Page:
TRAVR Training Ops: Diving into VR Gameplay Design

omni_dev_pramodomni_dev_pramod Posts: 2
edited December 2015 in VR Content Techniques
Personal Introduction
Hey everyone! I’m Pramod, Level Designer on some exciting internal projects.
Moving from India to study Game Design at The Guildhall at SMU was a big leap into the world of designing games.
Accepting an internship at Virtuix immediately after graduation, moving to Austin and then joining as a permanent employee here has been downright amazing.
Ever since I got the opportunity to use the Oculus DK2 and the HTC Vive with the Omni, I’ve wanted to explore fun aspects of gameplay and visuals uniquely experienced in this medium.

A. Decoupled Gameplay
On the gameplay front, for my level in TRAVR: Training Ops titled – “Code Red”, the focus was to explore player movement i.e. encourage the player to use the Omni for full range of movement.

This is an example of fun decoupled player movement and shooting explored in this level (in photo: Omni_Dev_Patrick)


1. To ensure a sense of urgency throughout the level, I introduced Timed Sliding Walls that gives slow players a sense of dread seeing their missed targets go forever out of reach.
2. Going in, I knew that gauging the player reaction time was key to scripting the timing on the sliding walls.
3. The gameplay was tested frequently with different play testers and myself (Yeah, this job keeps me fit!) with different input controllers, an assault rifle for Oculus DK2 and Dual Pistols for the HTC Vive.
These playtests gave an accurate representation of both the flaws to be addressed and highlights to be reinforced.

Lessons I took away:
People run, move and react and shoot different. So design and observe the other users playing to recognize the gameplay sweet spot!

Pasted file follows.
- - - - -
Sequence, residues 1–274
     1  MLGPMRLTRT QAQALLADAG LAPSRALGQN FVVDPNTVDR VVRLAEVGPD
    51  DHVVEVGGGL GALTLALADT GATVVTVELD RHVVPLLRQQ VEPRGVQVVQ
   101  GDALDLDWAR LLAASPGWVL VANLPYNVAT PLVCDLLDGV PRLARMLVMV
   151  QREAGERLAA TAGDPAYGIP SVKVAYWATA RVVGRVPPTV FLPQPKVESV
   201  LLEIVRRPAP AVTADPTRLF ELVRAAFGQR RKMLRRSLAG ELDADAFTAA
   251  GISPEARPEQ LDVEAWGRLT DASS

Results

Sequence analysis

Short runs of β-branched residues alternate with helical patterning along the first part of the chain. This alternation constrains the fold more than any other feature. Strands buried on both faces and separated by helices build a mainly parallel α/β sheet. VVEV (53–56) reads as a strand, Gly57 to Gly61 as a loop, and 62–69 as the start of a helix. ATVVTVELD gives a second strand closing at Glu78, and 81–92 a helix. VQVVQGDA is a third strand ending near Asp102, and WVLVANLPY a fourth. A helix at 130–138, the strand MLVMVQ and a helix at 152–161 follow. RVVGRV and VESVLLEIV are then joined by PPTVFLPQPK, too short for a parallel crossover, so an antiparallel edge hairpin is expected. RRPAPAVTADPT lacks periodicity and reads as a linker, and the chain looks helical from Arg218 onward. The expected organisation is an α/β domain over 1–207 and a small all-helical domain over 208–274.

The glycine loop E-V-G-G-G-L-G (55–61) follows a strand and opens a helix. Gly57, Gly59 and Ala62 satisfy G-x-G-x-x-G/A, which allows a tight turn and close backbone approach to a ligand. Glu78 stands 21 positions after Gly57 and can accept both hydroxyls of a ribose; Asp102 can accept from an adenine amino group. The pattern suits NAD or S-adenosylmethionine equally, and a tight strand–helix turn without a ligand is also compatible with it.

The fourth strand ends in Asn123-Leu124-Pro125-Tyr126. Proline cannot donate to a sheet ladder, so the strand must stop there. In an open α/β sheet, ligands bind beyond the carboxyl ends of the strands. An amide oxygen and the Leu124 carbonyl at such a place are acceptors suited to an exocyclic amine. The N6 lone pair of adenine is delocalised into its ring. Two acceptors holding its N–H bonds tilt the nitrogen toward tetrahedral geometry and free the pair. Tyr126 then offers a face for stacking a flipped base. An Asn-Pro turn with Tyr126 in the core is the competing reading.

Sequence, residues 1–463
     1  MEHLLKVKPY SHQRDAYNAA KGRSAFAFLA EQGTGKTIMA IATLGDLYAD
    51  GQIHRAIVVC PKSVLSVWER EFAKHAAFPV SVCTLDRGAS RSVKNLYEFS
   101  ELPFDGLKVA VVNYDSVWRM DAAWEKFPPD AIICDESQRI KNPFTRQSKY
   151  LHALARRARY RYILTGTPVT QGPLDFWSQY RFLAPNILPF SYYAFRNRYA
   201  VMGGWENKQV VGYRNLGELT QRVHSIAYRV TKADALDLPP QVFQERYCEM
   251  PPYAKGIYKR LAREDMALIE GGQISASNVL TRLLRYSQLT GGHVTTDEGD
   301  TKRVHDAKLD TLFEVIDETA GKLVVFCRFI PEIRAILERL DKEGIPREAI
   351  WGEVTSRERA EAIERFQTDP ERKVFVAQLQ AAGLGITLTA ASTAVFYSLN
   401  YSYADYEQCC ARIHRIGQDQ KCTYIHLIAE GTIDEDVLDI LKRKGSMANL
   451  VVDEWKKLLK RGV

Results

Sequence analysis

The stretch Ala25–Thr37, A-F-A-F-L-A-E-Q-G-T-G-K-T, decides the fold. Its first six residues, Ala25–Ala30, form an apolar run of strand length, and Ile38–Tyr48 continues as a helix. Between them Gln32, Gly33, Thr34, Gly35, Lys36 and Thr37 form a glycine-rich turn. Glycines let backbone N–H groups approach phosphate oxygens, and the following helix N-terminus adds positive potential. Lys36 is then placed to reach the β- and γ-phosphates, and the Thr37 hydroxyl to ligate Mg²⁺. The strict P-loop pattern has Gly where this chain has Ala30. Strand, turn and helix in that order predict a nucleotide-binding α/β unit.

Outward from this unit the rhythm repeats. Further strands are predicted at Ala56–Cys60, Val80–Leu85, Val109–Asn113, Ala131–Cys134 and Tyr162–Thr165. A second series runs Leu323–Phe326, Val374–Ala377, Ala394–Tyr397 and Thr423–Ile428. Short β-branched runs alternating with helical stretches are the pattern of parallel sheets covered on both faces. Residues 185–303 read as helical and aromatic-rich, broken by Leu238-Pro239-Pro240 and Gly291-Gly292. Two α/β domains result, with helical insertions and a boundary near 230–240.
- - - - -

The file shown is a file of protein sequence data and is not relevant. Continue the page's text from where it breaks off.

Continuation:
B. Scale in VR
Exploring the use of Scale, specifically Verticality in the environment was great though very challenging. “Vertigo” was the biggest level made until this point for TRAVR: Training Ops so optimization techniques were still being explored.
The big challenge was to have 3 Rounds of Gameplay and Visuals always rendering, i.e. Frame Rate concerns from the team were immediately raised by the team (we’ll get to that later).



1. The idea was to have a vast open space to give players a sense of appreciation of the environment (Tomb Raider reboot anyone?). From a visual standpoint I chose a spiral layout to showcase all the upcoming rounds, always leading the player up.

2. Taking cues from our resident Artist (kippernicus) helped highlight specific gameplay sections of large space i.e. appropriate use of lighting and landmarks in the environment



3. Especially from art passes, I learned to use assets with appropriate use of patterns and color combinations to unify the look of the environment



4. Lighting optimization techniques (Enlighten- Unity 5) explored by the rest of the team helped enhance the frame rate a lot once implemented in the level
5. Loading upcoming levels and unloading completing ones ensured the frame rate was stable at all times was another a really helpful optimization implemented with the help of the Gameplay Programmer (Omni_Dev_Patrick)

With all the above improvements, the above levels look and play great at the moment and will only get better until release.

Lessons I took away:
It’s great to explore untested waters but recognize potential challenges early to start working on them right from the beginning as a team.
Communication with team members is essential to bring up potential issues and find solutions / workaround to get the desired result.

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